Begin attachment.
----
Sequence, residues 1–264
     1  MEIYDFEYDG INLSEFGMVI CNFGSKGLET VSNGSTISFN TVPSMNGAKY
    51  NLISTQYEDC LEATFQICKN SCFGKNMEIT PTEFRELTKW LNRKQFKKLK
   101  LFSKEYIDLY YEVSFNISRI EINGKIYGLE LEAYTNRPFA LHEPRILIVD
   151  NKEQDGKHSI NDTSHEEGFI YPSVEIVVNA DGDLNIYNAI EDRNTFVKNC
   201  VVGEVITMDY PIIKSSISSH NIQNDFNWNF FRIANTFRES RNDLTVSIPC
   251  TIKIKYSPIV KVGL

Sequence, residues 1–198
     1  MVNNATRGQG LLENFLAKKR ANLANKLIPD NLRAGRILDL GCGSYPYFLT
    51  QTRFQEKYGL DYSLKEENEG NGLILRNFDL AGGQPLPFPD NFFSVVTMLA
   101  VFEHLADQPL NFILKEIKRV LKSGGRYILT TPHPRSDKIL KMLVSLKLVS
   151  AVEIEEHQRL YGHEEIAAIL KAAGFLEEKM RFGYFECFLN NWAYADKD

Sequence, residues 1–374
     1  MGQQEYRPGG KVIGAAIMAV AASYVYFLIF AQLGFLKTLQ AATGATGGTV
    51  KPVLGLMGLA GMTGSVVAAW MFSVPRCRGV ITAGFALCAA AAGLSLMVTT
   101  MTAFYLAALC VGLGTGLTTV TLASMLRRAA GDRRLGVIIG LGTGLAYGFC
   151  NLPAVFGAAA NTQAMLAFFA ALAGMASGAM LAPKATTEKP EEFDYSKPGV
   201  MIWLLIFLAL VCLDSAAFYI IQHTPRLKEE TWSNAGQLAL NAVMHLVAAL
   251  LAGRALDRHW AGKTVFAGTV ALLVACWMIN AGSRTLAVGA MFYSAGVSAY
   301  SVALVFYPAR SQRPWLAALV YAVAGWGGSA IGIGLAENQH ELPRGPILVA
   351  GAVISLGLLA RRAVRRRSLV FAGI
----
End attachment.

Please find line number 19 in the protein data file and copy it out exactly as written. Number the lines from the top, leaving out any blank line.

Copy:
   251  LAGRALDRHW AGKTVFAGTV ALLVACWMIN AGSRTLAVGA MFYSAGVSAY